Huge snowfall buries area (the “Big Snow of 1950”).
Supreme Court outlaws school segregation.
First Black teacher hired in New Castle School district, John Bush.
Salk polio vaccine proven effective in preventing polio. Dr. Thomas Francis head of Salk team is a local resident.
Shenango China commissioned to make plates for Eisenhower White House.
Mesta moves into vacant United Engineering plant.
McConnell’s Mill designated State Park.
Shenango China sold to Sobiloff Brothers.
Cascade Park Lake reopened.
Lt. Governor Brown’s house, behind New Castle High School, torn down to make practice field.
President Kennedy assassinated.
Kurtz house on corner of Croton and East Washington Streets in New Castle torn down to make a parking lot.
Explosion at American Cyanamid kills five.
Civil Rights March to Selma, Alabama turns deadly, killing local civil rights activist Reverend James Reeb.
Lt. Commander Robert H. Shumaker taken prisoner by North Vietnamese.
Quality Tools (Old Forge) in New Wilmington is sold to the Dowley Company.
Mr. and Mrs. Alex Crawford Hoyt donate the home of May Emma Hoyt to the Lawrence Cultural Association.
New Castle native, Raymond Shafer, inaugurated as Governor of Pennsylvania.
Martin Luther King, Jr. and Robert Kennedy assassinated.
Ronald R. “Fat Man” Mitchell killed in drive-by-shooting.
During a time period of racial tension and civil unrest nationwide, a drive-by-shooting on the South side of New Castle, by reportedly an unidentified white male, resulted in the death of Ronald R. “Fat Man” Mitchell. It happened in front of the Rainbow Garden on Long Ave. at 12:30 a.m. on November 1, 1970.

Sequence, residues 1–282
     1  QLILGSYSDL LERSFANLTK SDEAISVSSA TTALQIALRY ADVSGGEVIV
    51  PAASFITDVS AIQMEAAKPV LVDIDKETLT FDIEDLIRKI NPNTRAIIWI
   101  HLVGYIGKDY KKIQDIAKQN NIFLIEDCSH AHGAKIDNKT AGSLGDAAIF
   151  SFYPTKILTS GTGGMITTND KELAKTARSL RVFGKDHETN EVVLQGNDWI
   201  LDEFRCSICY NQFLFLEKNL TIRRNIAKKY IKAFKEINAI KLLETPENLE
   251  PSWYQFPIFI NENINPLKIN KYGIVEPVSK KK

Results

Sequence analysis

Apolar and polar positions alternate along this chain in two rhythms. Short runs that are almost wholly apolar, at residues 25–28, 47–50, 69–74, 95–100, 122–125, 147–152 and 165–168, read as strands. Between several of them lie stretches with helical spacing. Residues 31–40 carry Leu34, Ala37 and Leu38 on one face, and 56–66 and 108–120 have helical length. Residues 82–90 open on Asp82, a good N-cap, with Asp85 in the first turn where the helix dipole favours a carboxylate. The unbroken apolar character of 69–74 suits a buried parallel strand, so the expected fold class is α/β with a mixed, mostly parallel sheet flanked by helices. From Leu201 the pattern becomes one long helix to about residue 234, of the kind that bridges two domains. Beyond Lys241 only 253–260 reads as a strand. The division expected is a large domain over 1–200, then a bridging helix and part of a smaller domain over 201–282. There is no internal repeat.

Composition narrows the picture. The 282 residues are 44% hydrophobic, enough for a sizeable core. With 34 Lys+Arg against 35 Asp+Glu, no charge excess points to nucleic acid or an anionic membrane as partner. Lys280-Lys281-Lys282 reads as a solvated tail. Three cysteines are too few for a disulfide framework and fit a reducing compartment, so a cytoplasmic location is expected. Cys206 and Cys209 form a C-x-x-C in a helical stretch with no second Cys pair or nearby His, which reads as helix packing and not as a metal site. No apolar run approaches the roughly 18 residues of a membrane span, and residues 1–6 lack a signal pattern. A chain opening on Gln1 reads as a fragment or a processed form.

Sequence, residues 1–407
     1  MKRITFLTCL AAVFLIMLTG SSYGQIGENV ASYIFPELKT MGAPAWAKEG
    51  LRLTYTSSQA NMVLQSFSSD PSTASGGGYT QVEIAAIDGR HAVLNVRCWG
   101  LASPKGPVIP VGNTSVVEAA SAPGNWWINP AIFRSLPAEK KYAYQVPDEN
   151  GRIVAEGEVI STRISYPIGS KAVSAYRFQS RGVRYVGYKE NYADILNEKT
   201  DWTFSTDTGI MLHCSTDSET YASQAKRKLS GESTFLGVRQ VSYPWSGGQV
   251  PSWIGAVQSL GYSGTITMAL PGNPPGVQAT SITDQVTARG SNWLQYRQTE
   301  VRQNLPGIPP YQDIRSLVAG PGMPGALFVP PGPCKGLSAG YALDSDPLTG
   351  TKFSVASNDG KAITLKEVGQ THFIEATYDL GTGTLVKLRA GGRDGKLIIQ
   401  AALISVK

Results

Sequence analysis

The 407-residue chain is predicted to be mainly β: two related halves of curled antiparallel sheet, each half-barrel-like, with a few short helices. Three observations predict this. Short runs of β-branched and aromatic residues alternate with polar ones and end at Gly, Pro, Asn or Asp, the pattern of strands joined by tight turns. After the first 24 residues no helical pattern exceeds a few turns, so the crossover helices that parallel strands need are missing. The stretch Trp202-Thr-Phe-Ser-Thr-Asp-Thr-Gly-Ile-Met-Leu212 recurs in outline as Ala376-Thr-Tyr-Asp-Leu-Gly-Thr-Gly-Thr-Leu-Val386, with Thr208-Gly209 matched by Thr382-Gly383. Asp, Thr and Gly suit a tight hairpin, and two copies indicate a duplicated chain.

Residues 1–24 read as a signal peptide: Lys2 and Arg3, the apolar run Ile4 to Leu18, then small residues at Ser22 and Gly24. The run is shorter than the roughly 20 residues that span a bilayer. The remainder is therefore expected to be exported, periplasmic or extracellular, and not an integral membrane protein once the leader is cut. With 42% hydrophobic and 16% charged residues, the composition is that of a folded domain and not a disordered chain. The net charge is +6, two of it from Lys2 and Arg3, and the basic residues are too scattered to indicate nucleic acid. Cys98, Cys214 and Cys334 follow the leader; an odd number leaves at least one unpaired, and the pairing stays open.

Mitchell, a young Black resident, had safely returned home after serving in Vietnam, although wounded. He had been awarded the Purple Heart and the Army Commendation Medal. His death immediately touched off a wave of rioting that lasted two days. Around 40-50 Black people had gathered and a white couple was pulled from their car. The man was beaten and stabbed. His car overturned. In an effort to assist him, five police officers were injured. Nearly 100 store windows were smashed, firebombs were set off, and bomb threats closed New Castle High School. A state of emergency was proclaimed and curfews put in place. Mr. Mitchell left behind a pregnant wife. His murder was never solved.
U. S. Steel leaves Ellwood City.
Lawrence Savings and Trust torn down along with whole block for Washington Center.
Civil Rights 1950's
In the 1950’s segregation was widely accepted throughout the nation. It was required by law in most southern states which still operated under the 1896 Plessy v. Ferguson ruling of “Separate but Equal” accommodations. But by 1952 the Civil Rights movement was gaining momentum. In that year, the Supreme Court heard a number of school-segregation cases, including Brown v. Board of Education, Topeka, Kansas. In 1954 they decided unanimously that segregation was unconstitutional. In September, one small black child walked up the steps of the school house, guided by federal marshals. A disturbing picture for most Americans in the serene fifties. But there was more to come.
On September 3, 1957, a group of nine black students were kept from entering Central High in Little Rock, Arkansas, by the National Guard.